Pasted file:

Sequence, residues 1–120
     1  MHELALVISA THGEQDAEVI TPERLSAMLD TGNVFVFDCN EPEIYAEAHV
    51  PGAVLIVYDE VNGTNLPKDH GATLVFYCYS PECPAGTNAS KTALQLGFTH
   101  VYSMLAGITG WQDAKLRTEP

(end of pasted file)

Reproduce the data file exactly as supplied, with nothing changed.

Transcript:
Sequence, residues 1–120
     1  MHELALVISA THGEQDAEVI TPERLSAMLD TGNVFVFDCN EPEIYAEAHV
    51  PGAVLIVYDE VNGTNLPKDH GATLVFYCYS PECPAGTNAS KTALQLGFTH
   101  VYSMLAGITG WQDAKLRTEP